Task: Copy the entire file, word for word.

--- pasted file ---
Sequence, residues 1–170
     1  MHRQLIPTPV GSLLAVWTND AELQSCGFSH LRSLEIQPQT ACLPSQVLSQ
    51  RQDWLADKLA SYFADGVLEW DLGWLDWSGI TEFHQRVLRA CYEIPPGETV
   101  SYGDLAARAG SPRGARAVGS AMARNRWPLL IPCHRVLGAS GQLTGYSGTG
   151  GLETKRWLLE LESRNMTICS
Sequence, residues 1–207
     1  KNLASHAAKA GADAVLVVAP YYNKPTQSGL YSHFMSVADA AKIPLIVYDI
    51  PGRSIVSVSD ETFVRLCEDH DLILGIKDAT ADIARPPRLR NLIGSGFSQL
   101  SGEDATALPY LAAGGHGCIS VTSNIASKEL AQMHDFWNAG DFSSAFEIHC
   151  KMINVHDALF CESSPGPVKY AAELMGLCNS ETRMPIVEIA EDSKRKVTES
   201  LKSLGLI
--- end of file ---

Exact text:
Sequence, residues 1–170
     1  MHRQLIPTPV GSLLAVWTND AELQSCGFSH LRSLEIQPQT ACLPSQVLSQ
    51  RQDWLADKLA SYFADGVLEW DLGWLDWSGI TEFHQRVLRA CYEIPPGETV
   101  SYGDLAARAG SPRGARAVGS AMARNRWPLL IPCHRVLGAS GQLTGYSGTG
   151  GLETKRWLLE LESRNMTICS
Sequence, residues 1–207
     1  KNLASHAAKA GADAVLVVAP YYNKPTQSGL YSHFMSVADA AKIPLIVYDI
    51  PGRSIVSVSD ETFVRLCEDH DLILGIKDAT ADIARPPRLR NLIGSGFSQL
   101  SGEDATALPY LAAGGHGCIS VTSNIASKEL AQMHDFWNAG DFSSAFEIHC
   151  KMINVHDALF CESSPGPVKY AAELMGLCNS ETRMPIVEIA EDSKRKVTES
   201  LKSLGLI